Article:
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1309 Battle of Rhodes ★ ★ ★ ★
Outcome: The Knights of St John captured the island of Rhodes 15 August 1309
War  &  Enemy: Enemy:
Knights of St John
Byzantine-Latin Wars
Battle Type:
The Battlefield Rhodes Location:
Island of Rhodes
Modern Country:
  The Byzantines(emperor:  Andronikos II Palaiologos) The Enemies
Commander: Unknown Grandmaster Foulques de Villaret
Forces: Unknown Unknown
Background story: The Knights Hospitaller, also known as the Hospitallers or Knights of St John, were among the most famous of the Western Christian military orders during the Middle Ages.
The Hospitallers arose as a group of individuals associated with the work of an Amalfitan hospital in Jerusalem, which was founded around 1023 by Blessed Gerard to provide care for poor, sick or injured pilgrims to the Holy Land, and was dedicated to St John the Baptist.
Gradually, the organization became a religious and military order under its own charter, and was charged with the care and defense of the Holy Land.
The rising power of Islam eventually expelled the Knights from Jerusalem. After the fall of the Kingdom of Jerusalem in 1291, the Knights were confined to the County of Tripoli and, when Acre was captured in 1291, the order sought refuge in the Kingdom of Cyprus. They already had some possessions there, and the Frankish kingdom of Cyprus let them settle in Limassol.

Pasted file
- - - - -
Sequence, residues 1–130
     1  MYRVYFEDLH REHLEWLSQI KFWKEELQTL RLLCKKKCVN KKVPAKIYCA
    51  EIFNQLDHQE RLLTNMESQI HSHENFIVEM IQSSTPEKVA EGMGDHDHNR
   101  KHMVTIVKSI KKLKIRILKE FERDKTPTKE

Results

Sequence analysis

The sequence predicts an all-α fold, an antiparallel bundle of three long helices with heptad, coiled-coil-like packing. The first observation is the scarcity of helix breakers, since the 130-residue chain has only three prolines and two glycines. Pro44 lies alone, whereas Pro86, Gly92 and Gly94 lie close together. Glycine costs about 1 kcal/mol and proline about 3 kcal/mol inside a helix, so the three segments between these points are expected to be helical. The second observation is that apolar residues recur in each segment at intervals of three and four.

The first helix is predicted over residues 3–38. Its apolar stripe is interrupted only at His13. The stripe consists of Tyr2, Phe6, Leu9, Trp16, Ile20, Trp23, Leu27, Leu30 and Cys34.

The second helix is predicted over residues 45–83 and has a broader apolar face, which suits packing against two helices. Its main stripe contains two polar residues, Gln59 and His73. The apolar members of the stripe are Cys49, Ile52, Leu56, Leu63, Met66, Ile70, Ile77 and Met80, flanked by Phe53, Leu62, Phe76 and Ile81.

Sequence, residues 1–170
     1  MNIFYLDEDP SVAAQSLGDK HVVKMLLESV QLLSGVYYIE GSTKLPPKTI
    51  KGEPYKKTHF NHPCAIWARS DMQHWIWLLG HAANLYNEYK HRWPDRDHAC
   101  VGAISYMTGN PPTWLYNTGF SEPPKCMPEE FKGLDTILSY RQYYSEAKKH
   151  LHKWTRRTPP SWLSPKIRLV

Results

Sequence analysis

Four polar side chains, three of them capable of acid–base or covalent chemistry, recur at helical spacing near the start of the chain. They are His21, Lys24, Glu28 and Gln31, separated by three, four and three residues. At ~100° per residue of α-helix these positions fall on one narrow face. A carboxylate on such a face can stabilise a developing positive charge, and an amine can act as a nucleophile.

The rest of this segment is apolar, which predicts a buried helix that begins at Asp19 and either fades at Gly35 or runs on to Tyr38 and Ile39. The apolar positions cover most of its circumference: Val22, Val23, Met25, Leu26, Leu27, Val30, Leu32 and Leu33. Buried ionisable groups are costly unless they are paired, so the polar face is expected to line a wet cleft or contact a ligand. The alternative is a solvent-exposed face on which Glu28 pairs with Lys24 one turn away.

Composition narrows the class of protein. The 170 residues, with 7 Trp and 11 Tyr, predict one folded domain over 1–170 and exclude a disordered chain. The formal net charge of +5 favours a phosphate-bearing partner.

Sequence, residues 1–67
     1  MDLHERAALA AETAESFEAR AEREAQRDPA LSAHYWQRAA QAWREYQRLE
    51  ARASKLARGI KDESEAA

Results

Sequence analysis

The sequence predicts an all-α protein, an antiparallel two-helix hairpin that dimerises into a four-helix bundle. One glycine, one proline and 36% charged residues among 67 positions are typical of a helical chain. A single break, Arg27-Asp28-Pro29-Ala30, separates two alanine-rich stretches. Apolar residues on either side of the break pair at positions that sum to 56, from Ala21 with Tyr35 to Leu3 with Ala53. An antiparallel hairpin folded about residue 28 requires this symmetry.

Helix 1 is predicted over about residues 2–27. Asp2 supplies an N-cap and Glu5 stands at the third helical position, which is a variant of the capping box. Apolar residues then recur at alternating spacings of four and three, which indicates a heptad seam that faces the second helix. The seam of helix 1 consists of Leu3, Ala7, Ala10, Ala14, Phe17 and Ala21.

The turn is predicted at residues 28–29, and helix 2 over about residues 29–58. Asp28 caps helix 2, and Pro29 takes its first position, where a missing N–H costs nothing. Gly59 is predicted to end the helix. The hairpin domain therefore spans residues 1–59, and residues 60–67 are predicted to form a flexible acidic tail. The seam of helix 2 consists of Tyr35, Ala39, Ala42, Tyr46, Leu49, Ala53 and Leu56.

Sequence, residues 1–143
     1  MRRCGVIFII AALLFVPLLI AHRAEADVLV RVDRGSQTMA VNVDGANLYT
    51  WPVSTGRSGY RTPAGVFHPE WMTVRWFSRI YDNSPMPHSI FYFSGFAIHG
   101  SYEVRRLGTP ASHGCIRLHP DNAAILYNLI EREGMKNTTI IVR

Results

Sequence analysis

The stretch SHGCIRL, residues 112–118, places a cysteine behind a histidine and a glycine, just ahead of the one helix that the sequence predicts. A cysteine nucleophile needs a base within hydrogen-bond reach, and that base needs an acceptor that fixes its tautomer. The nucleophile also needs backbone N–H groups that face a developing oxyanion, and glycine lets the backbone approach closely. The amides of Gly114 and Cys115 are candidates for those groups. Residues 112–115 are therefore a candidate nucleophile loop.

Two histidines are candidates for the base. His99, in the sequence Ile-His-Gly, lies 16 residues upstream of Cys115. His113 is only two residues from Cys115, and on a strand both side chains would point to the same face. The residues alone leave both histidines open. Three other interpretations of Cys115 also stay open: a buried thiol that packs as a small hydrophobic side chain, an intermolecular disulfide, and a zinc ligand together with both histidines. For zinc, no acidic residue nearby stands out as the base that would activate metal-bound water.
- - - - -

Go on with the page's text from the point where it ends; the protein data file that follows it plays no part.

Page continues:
The Battle:
Knights of St John
The Grand Master of the knights, Guillaume de Villaret conceived a plan to leave Cyprus and create a dominion for the knights selecting the island of Rhodes which was, at the time, part of the Byzantine empire. His successor, Fulkes de Villaret, executed the plan.
The knights first tried to reach a settlement with the Byzantine Emperor, nominal ruler of Rhodes, offering to hold the island in feudal tenure, but the Emperor had refused and instead formed an alliance with the Saracens against the Order. In 1307 the knights came to the island and after two years of operations, on 15 August 1309, the island of Rhodes surrendered to the knights. They also gained control of a number of neighboring islands and the Anatolian port of Bodrum and Kastelorizo.
Aftermath: The knights held the island as a Christian outpost until they were defeated and expelled by the Turks in 1522 . Then, they moved to Malta.